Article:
“I cannot conceive of a God who rewards and punishes his creatures, or has a will of the type of which we are conscious in ourselves. Enough for me, the mystery of the eternity of life and the inkling of the marvelous structure of reality, together with the single-hearted endeavor to comprehend a portion, be it ever so tiny, of the reason that manifests itself in nature.”Albert Einstein
God, to me, is unfathomable. How are we, as finite beings, to extrapolate the mind, the will, or the very essence of God? Is he really a bearded old puppet master inserting himself into the lives of the chosen at the pitiable expense of the rejects? This is a question I have been mulling over for some time.
My understanding of God has looked a little something like this: as a child, heavily influenced by a familial legacy of Catholicism, I believed that good people go to heaven when they die, while bad people go to hell. In my youth, my family regularly attended a Methodist church, where I was taught that a profession of faith in Christ would cleanse me of all sin and grant entry to heaven upon my death. As I matured and entered pubescent turmoil, I sinned heavily, and having done so, I muddied my soul, reserving for myself a special little hot spring in hell. In college, I professed my faith in Christ again, copiously influenced by student leaders in the Baptist Collegiate ministry, now reserving for myself a sizable manor in heaven. Finding it difficult to bear the fruit of the spirit, I labored to retain ownership of the heavenly inheritance I was promised. As an adult, I began to realize that all my self-righteous peers (who chastened me at Bible studies for inept interpretations of the Word of God) were actually insecure assholes, attempting to buoy their own self-worth, and well, my doctrinal scaffolding–the “biblical” characterization of God–crumbled in a heap of rubble at the pit of my soul. I craved mercy. I craved honesty. I wasn’t finding either at church, and I wasn’t finding either through the wasted hours of “quiet time alone with God.” Like the rolling tide, questions broke across the surface of my consciousness. What does it mean to be good? What does it mean to be bad? What does it mean to have faith? What happens to us when we die? These questions unsettle. These questions provoke. These questions liberate.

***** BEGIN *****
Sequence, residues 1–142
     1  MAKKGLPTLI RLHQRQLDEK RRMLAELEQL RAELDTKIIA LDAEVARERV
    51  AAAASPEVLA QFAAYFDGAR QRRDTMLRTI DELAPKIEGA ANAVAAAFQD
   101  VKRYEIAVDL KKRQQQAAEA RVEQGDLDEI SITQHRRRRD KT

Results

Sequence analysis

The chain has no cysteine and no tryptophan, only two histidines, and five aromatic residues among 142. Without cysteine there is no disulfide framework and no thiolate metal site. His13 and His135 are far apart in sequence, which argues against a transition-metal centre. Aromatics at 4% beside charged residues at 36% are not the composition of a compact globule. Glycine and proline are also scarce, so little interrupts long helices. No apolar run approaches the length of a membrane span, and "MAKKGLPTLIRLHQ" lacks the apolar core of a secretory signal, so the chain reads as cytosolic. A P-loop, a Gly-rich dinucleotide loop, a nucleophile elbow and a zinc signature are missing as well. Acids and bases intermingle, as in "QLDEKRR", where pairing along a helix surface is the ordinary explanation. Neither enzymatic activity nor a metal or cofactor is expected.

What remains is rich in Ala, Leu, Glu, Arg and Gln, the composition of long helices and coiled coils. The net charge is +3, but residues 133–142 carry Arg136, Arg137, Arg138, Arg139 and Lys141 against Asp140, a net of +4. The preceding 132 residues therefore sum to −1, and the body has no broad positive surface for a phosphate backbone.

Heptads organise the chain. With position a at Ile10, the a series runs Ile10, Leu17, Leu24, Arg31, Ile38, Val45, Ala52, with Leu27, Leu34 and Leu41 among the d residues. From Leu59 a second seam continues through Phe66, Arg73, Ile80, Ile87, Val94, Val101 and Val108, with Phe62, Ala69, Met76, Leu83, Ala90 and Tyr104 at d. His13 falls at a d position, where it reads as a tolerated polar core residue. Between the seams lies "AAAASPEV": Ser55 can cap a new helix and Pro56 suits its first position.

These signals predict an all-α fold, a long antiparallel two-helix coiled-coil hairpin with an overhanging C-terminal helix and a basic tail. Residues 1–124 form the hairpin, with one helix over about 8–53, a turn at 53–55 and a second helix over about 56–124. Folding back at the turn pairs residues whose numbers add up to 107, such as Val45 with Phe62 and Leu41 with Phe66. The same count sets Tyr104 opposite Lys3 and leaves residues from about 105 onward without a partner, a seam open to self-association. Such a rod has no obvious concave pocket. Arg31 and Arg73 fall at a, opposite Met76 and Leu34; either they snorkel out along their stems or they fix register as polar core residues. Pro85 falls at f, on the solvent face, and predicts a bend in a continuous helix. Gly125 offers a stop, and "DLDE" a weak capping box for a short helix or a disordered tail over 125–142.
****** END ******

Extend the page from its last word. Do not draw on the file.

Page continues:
My interrogation of the divine has been a solemn sojourn, but a sojourn of solace, nonetheless. Where “Bible based truth” left me anxiously clambering for purchase on solid ground, my interrogation of the divine has brought me to rippling waters of acceptance. Certainty is stony ground, but uncertainty churns like the emerald sea. Which image brings more comfort to you, I wonder… ?
Thus, I have enjoyed a steady diet of theological, philosophical, and scientific media, which is nourishing my soul in ways my church, small group, and Bible studies never could. I have not abandoned the idea of God; on the contrary, I believe I have opened myself to a richer experience of all that is true and good and merciful and divine in this universe.
In conclusion, I will again borrow the words of Albert Einstein, as they manifest my feeling comprehensively:
“My religiosity consists in a humble adoration of the infinitely superior spirit that reveals itself in the little that we, with our weak and transitory understanding, can comprehend of reality. Morality is of the highest importance, but for us, not for God.”Albert Einstein, letter written in 1927